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Waterproofing an Ammo Can


Lounge Fly
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I want to make a time capsule that I can bury underground. This is NOT a geocache, it's for personal interest. I've looked many places for some ways to waterproof an ammo can, but can't really find anything anywhere. I figured I'd ask the genius engineering geocaching community (not sarcasm) if there are any ways to make sure that moisture wouldn't get through an ammo can's seal.

I've looked through a number of similar posts on here. I keep seeing PVC pipe as an alternative, but there are some things that i want to place in it that I would prefer not to bend, and may not fit properly in a circular container.

 

Thanks for any and all help!

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I've known ammo cans to spend s significant time under water, and not leak!

Now, spending a long time (years?) under ground, might overcome the seal, but as MartyBartfast said, the container will rust, and that will probably happen before the seal would rot.

IMO, His advice is good about the plastic ammo boxes.

 

Another container to consider might be one of the larger Starfrit Lock & Lock containers. I bolded the brand name because there are imitators out there that aren't as strong, and don't seal as good.

 

There are some of those containers that will hold as much or more than an ammo box, and maybe even a better size format.

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True ammo cans were designed to keep things (mostly ammo) dry and serviceable for lengthy periods of time. They were not however, intended to be permanently submersed nor buried in-ground for long term storage, as individual units.

 

Constant and direct water and/or soil contact provides electrolytes which aid in destructive rust-through.

 

You can use a (steel) ammo can -- not one of the plastic wannabe ammo cans -- along with strong to moderate protection from water or soil contact. To bury it, simply encase it in a easy-to-build wooden coffin. If in a high and dry area, not a problem. The contents should remain intact for 30-40-50 years and longer. If buried in waterlogged soil, you are gonna have to do a bit more.

 

A new-ish product, Liquid EPDM Rubber® could well be your solution. Painted inside and out of the 'coffin'. This stuff is not cheap!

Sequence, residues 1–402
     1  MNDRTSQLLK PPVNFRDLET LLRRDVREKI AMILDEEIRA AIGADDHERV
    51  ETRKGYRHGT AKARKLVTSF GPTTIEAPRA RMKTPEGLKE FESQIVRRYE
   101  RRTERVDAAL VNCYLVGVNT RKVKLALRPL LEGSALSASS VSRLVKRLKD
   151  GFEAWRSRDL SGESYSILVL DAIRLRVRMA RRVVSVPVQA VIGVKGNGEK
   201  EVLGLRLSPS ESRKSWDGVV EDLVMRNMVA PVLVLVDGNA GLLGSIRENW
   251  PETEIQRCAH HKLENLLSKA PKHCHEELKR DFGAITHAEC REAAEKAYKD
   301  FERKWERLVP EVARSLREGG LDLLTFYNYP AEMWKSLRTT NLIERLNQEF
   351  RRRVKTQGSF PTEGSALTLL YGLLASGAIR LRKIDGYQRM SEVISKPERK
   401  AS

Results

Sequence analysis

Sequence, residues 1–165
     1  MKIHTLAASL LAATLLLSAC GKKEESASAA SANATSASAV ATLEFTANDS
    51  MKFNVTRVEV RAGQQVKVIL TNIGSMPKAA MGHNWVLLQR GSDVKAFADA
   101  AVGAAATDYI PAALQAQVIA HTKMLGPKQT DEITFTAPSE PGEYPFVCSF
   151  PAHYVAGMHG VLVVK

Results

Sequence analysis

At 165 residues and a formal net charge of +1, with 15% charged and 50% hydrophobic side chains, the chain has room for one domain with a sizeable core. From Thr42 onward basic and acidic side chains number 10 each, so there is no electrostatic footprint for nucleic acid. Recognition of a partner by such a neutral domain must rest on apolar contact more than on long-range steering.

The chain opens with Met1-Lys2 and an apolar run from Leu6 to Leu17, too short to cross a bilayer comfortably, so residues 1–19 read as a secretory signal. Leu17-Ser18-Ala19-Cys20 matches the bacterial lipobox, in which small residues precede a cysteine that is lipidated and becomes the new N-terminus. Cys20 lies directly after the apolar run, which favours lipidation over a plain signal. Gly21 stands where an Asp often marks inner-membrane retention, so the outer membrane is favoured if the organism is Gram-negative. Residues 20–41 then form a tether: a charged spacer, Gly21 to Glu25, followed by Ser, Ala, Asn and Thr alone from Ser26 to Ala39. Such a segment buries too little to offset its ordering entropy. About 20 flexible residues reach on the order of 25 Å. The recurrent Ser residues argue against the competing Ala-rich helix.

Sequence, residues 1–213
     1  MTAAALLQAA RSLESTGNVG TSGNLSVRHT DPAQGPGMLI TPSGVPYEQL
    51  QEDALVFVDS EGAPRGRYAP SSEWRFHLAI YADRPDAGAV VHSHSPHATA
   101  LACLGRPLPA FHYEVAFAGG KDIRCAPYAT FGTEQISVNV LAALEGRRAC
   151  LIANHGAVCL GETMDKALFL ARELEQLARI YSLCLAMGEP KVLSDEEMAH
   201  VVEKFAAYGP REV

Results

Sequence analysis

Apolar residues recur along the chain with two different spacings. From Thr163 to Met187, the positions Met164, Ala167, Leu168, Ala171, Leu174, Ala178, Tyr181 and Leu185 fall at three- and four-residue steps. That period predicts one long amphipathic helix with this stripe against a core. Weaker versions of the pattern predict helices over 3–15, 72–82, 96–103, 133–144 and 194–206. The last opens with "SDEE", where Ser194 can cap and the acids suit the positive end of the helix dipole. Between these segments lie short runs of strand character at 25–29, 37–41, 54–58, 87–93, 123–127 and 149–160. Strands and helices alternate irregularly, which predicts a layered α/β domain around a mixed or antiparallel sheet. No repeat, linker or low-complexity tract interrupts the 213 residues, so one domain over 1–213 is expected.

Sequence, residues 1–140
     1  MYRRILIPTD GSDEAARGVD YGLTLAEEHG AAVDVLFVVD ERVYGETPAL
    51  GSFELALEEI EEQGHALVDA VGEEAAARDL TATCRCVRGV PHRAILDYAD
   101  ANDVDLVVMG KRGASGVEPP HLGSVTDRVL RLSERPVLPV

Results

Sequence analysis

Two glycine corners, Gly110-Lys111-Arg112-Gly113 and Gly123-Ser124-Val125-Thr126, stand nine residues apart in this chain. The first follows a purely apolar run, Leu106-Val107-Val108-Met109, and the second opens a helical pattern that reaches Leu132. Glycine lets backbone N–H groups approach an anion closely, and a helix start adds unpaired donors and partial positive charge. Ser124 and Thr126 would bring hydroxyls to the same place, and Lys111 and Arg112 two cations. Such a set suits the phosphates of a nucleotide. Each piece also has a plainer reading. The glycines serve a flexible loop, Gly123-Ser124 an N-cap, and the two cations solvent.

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If you are going to have a time capsule in place for a long time, I suggest encasing a container in concrete.

Or use large diameter pvc piping from Lowes, etc. The joints get sealed for pipe use and remain watertight indefinitely. Seal the pipe (e.g., 8 inches diameter) with the connecting cement (it's a glue, not concrete), & it will have to be sawed open decades from now to find the "buried treasure."

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Sorry for the lateness in my reply

Thanks all for your suggestions. I had been a little concerned about rust affecting an ammo can over a prolonged period of time, and you guys helped confirm that. i thought I read somewhere that there was a rubber you could basically paint on, which was brought to light here too, but alas, it's quite expensive.

 

I've also thought about pelican cases, but not sure where to get them...at least a real one and not a knock off brand.

 

I'll take a look at the starfrit lock and lock. Never heard of it. Thanks for that suggestion!

 

Also, I had already looked at real time capsules online. Both of the links supplied here and a few others I've already seen. The problem is, either they're too expensive (like that chrome one), they're too small for what I want to put in, or they're too childish.

 

Thanks again everyone for all your suggestions! I knew the GC community would know where to turn :)

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I build time capsules. I have done containment experiments since I was a kid, and have been making them ever since.

 

There are several issues which need to be addressed, all vital to your goals.

 

And the first of which is, what is your goal? Is it something that you want to dig up later in life, a personal "then and now"? Are you wanting others to find it? if so, then just anybody, a select group like friends or family, or a specific "kind" of person, such as an archaeologist, historian, or other professional?